Researchers at the University of Georgia are using a new statistical model to help guide policy around food access in rural communities.
The study authors wanted to know what conditions needed to be right to increase fruit and vegetable consumption in a rural setting.
The question of how to improve access to fruits and vegetables or even whether increased access translates into higher fruit and vegetable consumption has historically been hard to answer, said corresponding author Janani Thapa, an assistant professor of health policy and management at UGA’s College of Public Health.
“If we know anything, we know that changing behavior is complex, and there isn’t a straight-shot solution,” she said.
Convincing people to add more fruits and vegetables into their daily routine is often met with a variety of barriers, ranging from cost to cultural norms.
Though countless interventions and best practices have been developed to address issues around obesity and access to healthier foods, it can be expensive to get a project off the ground.
And with so many variables at play that could spell an effort’s success or failure, how can rural communities know they are using their resources wisely?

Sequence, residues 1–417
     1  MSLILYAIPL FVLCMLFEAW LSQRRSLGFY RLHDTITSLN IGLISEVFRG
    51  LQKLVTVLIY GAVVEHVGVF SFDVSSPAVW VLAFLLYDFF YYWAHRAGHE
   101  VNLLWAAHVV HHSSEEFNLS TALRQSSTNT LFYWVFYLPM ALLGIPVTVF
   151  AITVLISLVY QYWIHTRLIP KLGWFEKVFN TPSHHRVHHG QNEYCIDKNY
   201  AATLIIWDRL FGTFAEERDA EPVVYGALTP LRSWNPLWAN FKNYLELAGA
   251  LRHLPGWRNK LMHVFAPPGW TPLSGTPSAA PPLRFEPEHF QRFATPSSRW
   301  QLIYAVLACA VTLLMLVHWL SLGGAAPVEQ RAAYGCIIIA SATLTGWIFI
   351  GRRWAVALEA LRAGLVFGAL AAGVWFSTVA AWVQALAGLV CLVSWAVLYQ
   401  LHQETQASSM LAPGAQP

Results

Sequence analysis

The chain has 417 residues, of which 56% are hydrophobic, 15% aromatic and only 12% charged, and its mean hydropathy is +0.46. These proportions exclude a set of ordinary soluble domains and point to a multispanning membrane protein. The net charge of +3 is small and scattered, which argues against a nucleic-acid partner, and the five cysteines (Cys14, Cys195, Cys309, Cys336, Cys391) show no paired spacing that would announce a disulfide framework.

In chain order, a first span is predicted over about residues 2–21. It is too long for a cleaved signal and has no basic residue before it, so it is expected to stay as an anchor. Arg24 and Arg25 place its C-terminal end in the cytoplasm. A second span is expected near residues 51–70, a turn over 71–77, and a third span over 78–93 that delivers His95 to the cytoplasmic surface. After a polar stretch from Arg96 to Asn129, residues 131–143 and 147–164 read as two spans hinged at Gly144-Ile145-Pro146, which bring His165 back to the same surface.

To answer this question, Thapa and her team turned to a new computational technique that can simulate a real-world intervention.
The agent-based model was developed to take into account all the details that can determine a person’s likelihood to engage in a certain behavior, including demographic information, the food local environment, and even health beliefs.
Using participant data from a previous study based in a rural Texas community, the researchers used their model to predict whether they could increase fruit and vegetable consumption by decreasing the driving distance to get to the produce source.
It turns out that they could.
“We found that a five-mile decrease could lead to a 25% increase in fruit and vegetable consumption,” said Thapa.
That doesn’t mean a community has to build a whole new grocery store, she added. That produce source could be something simple, like a farm stand.
The study suggests that this type of modeling can be a cost-effective way to evaluate and guide policymaking around diet-related interventions in rural areas, and Georgia is next.
Thapa and collaborators have begun collecting the data to run a similar simulation in rural Georgia, where they hope their findings will guide residents and policymakers in making changes to improve the health of their community.
Co-authors include Nicole Katapodis and Donglan Zhang with the University of Georgia; Phillipe Giabbanelli with Furman University; Yan Li with the New York Academy of Medicine; and Conrad Iyford with Texas Tech University.
The study appeared in the recent issue of Health Equity and is available online here.
– Lauren Baggett
Posted on August 1, 2019.